This is “Solving Linear Systems by Substitution”, section 4.2 from the book Beginning Algebra (v. 1.0).
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In this section, we will define a completely algebraic technique for solving systems. The idea is to solve one equation for one of the variables and substitute the result into the other equation. After performing this substitution step, we will be left with a single equation with one variable, which can be solved using algebra. This is called the substitution methodA means of solving a linear system by solving for one of the variables and substituting the result into the other equation., and the steps are outlined in the following example.
Example 1: Solve by substitution: .
Step 1: Solve for either variable in either equation. If you choose the first equation, you can isolate y in one step.
Step 2: Substitute the expression for the y variable in the other equation.
This leaves you with an equivalent equation with one variable, which can be solved using the techniques learned up to this point.
Step 3: Solve for the remaining variable. To solve for x, first distribute −2:
Step 4: Back substituteOnce a value is found for a variable, substitute it back into one of the original equations, or their equivalent equations, to determine the corresponding value of the other variable. to find the value of the other coordinate. Substitute x = 1 into either of the original equations or their equivalents. Typically, we use the equivalent equation that we found when isolating a variable in step 1.
The solution to the system is (1, 5). Be sure to present the solution as an ordered pair.
Step 5: Check. Verify that these coordinates solve both equations of the original system:
The graph of this linear system follows:
The substitution method for solving systems is a completely algebraic method. Thus graphing the lines is not required.
Answer: (1, 5)
Example 2: Solve by substitution: .
Solution: In this example, we can see that x has a coefficient of 1 in the second equation. This indicates that it can be isolated in one step as follows:
Substitute for x in the first equation. Use parentheses and take care to distribute.
Use to find x.
Answer: (9, 6). The check is left to the reader.
Example 3: Solve by substitution: .
Solution: In this example, the variable x is already isolated. Hence we can substitute into the first equation.
Answer: (−1, −4). It is a good exercise to graph this particular system to compare the substitution method to the graphing method for solving systems.
Try this! Solve by substitution: .
Answer: (1, 1)
Solving systems algebraically frequently requires work with fractions.
Example 4: Solve by substitution: .
Solution: Begin by solving for x in the first equation.
Next, substitute into the second equation and solve for y.
Back substitute into the equation used in the substitution step:
Answer: (−1/2, 3/4)
As we know, not all linear systems have only one ordered pair solution. Recall that some systems have infinitely many ordered pair solutions and some do not have any solutions. Next, we explore what happens when using the substitution method to solve a dependent system.
Example 5: Solve by substitution: .
Solution: Since the first equation has a term with coefficient 1, we choose to solve for that first.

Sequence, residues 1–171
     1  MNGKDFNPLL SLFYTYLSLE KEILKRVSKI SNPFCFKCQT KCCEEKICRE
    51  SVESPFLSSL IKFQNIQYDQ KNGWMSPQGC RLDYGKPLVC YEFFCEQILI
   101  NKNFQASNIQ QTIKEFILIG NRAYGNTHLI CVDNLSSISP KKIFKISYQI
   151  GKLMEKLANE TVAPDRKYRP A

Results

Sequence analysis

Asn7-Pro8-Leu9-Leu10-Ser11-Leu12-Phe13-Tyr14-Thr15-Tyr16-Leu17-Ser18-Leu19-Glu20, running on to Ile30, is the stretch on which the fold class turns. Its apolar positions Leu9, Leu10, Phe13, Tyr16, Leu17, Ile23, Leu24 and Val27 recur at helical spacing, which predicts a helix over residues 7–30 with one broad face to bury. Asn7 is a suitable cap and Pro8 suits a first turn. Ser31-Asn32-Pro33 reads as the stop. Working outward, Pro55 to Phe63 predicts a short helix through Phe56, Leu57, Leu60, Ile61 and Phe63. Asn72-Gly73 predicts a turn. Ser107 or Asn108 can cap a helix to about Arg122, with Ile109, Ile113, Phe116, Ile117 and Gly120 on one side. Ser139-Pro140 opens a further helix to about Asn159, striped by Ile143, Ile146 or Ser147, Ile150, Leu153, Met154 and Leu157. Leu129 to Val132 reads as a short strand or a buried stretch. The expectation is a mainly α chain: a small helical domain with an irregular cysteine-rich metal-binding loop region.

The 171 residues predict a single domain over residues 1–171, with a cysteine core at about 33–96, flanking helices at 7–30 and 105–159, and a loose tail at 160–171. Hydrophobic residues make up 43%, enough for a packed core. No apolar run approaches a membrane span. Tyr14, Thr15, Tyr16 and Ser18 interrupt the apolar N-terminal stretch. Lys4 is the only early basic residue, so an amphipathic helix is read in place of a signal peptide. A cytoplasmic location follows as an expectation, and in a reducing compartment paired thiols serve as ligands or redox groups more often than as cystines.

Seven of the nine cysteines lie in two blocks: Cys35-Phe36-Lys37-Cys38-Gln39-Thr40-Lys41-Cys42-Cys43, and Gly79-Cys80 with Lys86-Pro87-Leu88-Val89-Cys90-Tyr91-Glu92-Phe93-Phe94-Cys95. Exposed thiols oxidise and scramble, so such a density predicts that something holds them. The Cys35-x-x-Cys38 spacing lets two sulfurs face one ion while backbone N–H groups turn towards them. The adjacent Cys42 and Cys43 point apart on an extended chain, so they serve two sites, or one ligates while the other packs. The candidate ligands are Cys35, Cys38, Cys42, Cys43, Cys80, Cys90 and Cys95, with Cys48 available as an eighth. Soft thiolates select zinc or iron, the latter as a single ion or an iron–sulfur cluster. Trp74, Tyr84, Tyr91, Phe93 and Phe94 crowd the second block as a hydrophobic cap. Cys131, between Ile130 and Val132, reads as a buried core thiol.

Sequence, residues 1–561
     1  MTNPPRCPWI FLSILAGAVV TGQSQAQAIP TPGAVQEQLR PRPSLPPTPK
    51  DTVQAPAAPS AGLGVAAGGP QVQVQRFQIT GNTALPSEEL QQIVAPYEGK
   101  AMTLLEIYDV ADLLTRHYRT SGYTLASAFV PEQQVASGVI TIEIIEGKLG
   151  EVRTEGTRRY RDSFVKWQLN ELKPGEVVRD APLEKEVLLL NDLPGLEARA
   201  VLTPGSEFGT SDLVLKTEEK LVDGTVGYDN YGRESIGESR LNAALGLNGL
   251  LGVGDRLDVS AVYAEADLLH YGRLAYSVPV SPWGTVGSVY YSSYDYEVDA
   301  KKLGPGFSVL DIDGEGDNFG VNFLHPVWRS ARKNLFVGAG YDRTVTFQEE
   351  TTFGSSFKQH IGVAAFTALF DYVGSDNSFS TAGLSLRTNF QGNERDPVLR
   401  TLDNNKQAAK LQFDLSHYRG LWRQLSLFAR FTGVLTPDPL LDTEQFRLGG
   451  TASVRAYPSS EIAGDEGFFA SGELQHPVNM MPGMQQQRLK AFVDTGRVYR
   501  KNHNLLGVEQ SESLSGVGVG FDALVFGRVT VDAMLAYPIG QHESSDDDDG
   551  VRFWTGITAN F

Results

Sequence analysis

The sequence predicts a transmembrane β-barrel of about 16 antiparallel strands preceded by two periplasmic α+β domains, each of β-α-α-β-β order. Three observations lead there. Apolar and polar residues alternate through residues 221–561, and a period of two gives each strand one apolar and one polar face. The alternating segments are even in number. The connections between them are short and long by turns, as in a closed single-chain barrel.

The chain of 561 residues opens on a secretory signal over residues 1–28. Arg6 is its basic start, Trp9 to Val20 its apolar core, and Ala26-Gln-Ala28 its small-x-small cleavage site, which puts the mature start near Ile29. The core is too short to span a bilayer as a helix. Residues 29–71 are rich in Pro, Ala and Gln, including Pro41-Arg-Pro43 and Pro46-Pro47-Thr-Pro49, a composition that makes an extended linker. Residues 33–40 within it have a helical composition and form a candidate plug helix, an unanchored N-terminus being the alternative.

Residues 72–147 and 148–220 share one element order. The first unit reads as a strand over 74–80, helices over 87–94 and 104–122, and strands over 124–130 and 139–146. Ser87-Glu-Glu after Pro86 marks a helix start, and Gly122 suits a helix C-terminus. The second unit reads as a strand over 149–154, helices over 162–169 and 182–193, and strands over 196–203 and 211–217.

Next, substitute this expression in for y in the second equation.
This process led to a true statement; hence the equation is an identity and any real number is a solution. This indicates that the system is dependent. The simultaneous solutions take the form (x, mx + b), or in this case, (x, 5x − 1), where x is any real number.
To have a better understanding of the previous example, rewrite both equations in slope-intercept form and graph them on the same set of axes.
We can see that both equations represent the same line, and thus the system is dependent. Now explore what happens when solving an inconsistent system using the substitution method.
Example 6: Solve by substitution: .
Solution: Solve for y in the first equation.
Substitute into the second equation and solve.
Solving leads to a false statement. This indicates that the equation is a contradiction. There is no solution for x and hence no solution to the system.
Answer: No solution, Ø
A false statement indicates that the system is inconsistent, or in geometric terms, that the lines are parallel and do not intersect. To illustrate this, determine the slope-intercept form of each line and graph them on the same set of axes.
In slope-intercept form, it is easy to see that the two lines have the same slope but different y-intercepts.
Try this! Solve by substitution: .
Part A: Substitution Method
Solve by substitution.
Set up a linear system and solve it using the substitution method.
51. The sum of two numbers is 19. The larger number is 1 less than three times the smaller.
52. The sum of two numbers is 15. The larger is 3 more than twice the smaller.
53. The difference of two numbers is 7 and their sum is 1.
54. The difference of two numbers is 3 and their sum is −7.
55. Where on the graph of does the x-coordinate equal the y-coordinate?
56. Where on the graph of does the x-coordinate equal the y-coordinate?
Part B: Discussion Board Topics
57. Describe what drives the choice of variable to solve for when beginning the process of solving by substitution.
58. Discuss the merits and drawbacks of the substitution method.
1: (2, 7)
3: (−5, −1)
5: (2, 6)
11: (1/2, −5/2)
13: (4, −2)
15: (3, 12/5)
17: (−3, −7/6)
19: (2, 4)
21: (3, −4)
23: (−8/5, −7/10)
29: (2, −3)
31: (−8, −2)
33: (1/2, 0)
37: (1, 1)
39: (−11/10, −2/5)
41: (−1/2, 3/4)
43: (0, 0)
45: (−4, 2)
47: (−1/5, 1/5)
51: The two numbers are 5 and 14.
53: The two numbers are 4 and −3.
55: (−15, −15)